Stefan Merrill Block is a young American who is surrounded by relatives who have suffered early onset Alzheimer’s. Therefore I was drawn to what he had to say when he was recently interviewed when visiting New Zealand. He has written a moving novel, The Story of Forgetting, wherein he has created an imaginary space. In his interview on National Radio NZ, he shared how he has tried to understand the place to which the afflicted may retreat. He has created a fabled structure for that place. He has reconfigured the oblivion into a mythical landscape named Isidora (“...a fantastical land free from the sorrows of memory”).7 He stresses that this place is not allegorical: “It is a way to give it hope.”8 But I noted that this, too, is a place without words; as memory also implies the memory of the meanings of words and of letters.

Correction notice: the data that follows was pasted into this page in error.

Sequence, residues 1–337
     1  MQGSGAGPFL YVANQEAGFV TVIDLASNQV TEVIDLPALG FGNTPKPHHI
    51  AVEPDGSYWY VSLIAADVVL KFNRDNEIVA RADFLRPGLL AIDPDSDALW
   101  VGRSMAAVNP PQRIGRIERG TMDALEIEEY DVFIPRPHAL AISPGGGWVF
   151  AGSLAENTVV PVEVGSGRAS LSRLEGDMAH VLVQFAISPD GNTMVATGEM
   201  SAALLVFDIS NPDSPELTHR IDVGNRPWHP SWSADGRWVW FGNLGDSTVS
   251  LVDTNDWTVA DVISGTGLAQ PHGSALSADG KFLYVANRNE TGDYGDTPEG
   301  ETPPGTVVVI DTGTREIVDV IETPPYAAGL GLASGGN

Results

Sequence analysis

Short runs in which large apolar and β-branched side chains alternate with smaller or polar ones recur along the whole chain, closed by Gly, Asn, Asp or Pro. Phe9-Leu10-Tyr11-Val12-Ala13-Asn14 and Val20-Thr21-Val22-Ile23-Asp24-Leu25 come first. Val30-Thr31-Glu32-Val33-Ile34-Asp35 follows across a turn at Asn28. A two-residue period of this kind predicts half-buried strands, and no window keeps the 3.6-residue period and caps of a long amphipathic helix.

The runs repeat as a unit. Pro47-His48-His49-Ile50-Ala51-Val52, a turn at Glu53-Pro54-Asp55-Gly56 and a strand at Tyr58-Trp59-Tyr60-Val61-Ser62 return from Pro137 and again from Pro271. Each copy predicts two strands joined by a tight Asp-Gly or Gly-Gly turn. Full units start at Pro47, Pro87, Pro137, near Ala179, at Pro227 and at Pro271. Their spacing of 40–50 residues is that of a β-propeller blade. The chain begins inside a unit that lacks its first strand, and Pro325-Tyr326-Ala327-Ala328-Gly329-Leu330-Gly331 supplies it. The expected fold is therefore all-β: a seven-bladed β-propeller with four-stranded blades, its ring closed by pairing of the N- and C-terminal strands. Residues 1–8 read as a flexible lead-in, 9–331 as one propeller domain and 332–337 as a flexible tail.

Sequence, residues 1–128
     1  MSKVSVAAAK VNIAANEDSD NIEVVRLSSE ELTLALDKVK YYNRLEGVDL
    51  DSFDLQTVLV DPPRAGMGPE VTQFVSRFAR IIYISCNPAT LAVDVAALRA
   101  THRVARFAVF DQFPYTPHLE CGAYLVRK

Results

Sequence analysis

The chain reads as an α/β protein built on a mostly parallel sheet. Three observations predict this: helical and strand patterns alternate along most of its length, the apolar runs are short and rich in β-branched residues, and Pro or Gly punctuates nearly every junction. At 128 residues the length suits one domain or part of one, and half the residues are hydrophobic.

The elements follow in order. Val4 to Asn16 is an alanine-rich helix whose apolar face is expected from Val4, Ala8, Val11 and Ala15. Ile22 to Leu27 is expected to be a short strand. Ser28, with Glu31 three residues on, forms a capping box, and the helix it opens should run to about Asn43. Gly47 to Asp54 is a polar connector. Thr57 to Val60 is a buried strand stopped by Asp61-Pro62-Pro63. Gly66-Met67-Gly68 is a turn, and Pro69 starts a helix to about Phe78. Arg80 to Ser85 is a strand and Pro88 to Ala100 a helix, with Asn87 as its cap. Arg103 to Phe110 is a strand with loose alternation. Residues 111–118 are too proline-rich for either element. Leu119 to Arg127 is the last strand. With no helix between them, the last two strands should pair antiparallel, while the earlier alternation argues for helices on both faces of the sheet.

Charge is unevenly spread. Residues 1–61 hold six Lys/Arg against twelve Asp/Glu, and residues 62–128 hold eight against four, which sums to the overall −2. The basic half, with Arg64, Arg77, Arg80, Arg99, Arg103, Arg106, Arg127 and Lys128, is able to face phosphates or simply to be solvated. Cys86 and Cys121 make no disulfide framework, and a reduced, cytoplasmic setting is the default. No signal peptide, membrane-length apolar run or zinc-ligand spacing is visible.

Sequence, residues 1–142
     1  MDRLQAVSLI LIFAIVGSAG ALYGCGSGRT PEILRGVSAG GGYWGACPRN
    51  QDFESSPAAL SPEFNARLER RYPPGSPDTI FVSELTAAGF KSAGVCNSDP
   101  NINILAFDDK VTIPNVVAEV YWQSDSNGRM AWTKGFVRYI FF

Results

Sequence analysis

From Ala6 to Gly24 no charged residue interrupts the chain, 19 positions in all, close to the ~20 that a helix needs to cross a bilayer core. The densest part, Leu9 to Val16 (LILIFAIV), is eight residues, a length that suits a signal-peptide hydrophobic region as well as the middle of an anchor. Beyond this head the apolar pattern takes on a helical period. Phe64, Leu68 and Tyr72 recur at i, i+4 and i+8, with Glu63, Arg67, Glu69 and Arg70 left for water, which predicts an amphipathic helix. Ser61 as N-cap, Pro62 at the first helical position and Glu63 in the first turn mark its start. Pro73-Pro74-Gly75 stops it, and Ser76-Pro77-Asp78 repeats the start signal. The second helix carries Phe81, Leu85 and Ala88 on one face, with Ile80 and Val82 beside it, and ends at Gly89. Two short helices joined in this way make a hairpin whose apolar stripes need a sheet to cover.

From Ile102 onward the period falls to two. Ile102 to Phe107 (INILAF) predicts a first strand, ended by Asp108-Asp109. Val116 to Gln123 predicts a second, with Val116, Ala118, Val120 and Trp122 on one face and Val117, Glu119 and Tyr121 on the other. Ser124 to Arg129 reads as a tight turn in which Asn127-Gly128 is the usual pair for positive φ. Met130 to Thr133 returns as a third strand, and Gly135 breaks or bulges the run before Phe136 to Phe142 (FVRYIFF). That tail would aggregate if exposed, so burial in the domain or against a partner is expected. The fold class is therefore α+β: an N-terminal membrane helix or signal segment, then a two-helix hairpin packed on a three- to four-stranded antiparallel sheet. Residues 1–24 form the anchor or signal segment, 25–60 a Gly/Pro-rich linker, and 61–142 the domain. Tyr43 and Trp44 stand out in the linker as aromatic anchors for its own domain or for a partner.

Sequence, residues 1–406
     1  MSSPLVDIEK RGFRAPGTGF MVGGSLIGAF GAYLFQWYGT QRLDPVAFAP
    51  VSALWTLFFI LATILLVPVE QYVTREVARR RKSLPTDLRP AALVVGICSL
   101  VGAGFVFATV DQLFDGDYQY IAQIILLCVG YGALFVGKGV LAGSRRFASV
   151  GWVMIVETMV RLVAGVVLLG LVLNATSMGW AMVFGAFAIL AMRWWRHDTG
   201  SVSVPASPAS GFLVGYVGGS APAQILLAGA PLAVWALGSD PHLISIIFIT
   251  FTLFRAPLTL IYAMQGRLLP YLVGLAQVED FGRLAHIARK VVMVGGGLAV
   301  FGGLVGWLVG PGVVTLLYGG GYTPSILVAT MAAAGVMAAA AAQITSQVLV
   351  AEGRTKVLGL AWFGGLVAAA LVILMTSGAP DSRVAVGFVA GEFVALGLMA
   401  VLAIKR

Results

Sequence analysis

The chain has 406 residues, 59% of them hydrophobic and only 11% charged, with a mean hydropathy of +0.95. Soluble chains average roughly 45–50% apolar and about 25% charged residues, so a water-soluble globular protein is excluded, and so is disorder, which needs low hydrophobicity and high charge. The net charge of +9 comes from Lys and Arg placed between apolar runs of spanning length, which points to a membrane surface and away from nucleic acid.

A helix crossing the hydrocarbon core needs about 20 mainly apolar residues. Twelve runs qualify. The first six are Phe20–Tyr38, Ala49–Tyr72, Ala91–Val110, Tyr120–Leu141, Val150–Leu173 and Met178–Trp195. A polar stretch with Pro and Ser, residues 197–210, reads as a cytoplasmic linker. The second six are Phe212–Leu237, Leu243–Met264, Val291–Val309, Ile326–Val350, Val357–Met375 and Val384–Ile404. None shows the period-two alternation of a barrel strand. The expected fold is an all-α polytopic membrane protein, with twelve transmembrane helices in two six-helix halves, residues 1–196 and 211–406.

When listening to this interview with Block, I was drawn to his eloquent way of relating how he reduced the personal quality of the experience, added to all one’s research and insights, to an essence, in order to generate a resonance. I identified with his statement about making visible, control (or a sense of control) – and therefore revealing what he referred to as hope.

He stated:

But I think that I am obsessed and compelled towards art because, either positive or negative, there are these, like, ‘little asylums amid chaos’ where things make sense in some way. I mean that to speak the truth in some way, to speak it in a way that it is going to resonate, you have to hold off; you have to cut something out. It’s like this little room we build for ourselves where things temporarily make sense even if the news is sad.9